Scientists have discovered a way to stop a key stage in the development of Alzheimer's, which could help break the "toxic chain reaction" that leads to brain cell death in sufferers.
Researchers at the University of Cambridge have said they have identified a "molecular chaperone" that can block the progression of Alzheimer's, raising hope that more molecules like this could be found in the future.
They also note that finding these new molecules could be fairly straightforward, as they now know what they are looking for.
The molecule discovered – Brichos – sticks to threads of malfunctioning proteins called amyloid fibrils, a hallmark of the disease. Brichos stops the threads from contacting other proteins, which helps to avoid toxic clusters that allows the disease to proliferate in the brain.
Published in the journal Nature Structural & Molecular Biology, the scientists say this stage of the disease is one of the most critical, and finding a molecule that stops it occurring is a step closer to finding a treatment for the disease.
Lead author Samuel Cohen said: "A great deal of work in this field has gone into understanding which microscopic processes are important in the development of Alzheimer's disease; now we are now starting to reap the rewards of this hard work. Our study shows, for the first time, one of these critical processes being specifically inhibited, and reveals that by doing so we can prevent the toxic effects of protein aggregation that are associated with this terrible condition."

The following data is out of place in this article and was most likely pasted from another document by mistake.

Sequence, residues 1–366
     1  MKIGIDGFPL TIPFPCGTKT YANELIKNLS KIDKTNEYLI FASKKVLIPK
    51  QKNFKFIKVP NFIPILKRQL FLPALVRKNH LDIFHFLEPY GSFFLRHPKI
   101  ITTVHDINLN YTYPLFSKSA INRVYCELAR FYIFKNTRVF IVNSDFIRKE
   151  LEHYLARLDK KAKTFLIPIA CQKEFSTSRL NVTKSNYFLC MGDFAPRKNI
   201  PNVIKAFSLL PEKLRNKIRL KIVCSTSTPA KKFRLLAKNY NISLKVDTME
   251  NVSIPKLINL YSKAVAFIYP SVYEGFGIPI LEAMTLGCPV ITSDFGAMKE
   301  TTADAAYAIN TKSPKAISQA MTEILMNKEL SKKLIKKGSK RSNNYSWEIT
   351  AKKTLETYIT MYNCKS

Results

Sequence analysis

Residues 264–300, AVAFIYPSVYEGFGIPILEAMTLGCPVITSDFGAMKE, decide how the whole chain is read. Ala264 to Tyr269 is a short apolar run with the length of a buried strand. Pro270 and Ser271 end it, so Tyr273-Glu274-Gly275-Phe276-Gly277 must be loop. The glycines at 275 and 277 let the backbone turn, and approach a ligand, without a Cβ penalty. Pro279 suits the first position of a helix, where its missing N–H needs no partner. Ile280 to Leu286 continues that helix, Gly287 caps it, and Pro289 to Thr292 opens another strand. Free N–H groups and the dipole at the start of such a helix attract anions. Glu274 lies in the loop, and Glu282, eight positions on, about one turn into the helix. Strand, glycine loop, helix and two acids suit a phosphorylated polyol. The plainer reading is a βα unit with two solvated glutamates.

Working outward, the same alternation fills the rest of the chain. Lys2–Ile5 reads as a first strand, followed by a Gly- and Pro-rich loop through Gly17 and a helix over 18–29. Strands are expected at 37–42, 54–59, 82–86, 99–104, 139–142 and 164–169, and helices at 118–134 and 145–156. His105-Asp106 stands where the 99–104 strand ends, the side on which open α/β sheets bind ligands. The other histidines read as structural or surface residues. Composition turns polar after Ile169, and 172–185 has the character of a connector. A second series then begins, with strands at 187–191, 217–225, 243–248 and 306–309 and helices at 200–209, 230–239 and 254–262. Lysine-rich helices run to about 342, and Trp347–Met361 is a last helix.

Alzheimer's develops when naturally occurring protein molecules fold into the wrong shape and stick together to create amyloid fibrils.
After amyloid fibrils first form, they then help other proteins that come into contact with them misfold too and then make small clusters that are highly toxic to nerve cells – a critical step believed to be responsible for the effects of the disease.
This stage sets off a toxic chain reaction where more amyloid fibrils are formed.
However, if scientists can intervene at this point, the disease could be slowed considerably, while also leading to far less devastating effects.
"Working closely with our collaborators in Sweden - who had developed ground-breaking experimental methods to monitor the process - we were able to identify a molecule that produced exactly the results that we were hoping to see in experiments," Cohen said.
Researchers then carried out further tests in mice and confirmed that Brichos suppressed the chain reaction.
The team now plans to look for other molecules that could have a similar effect on the disease. "It may not actually be too difficult to find other molecules that do this, it's just that it hasn't been clear what to look for until recently," Cohen said.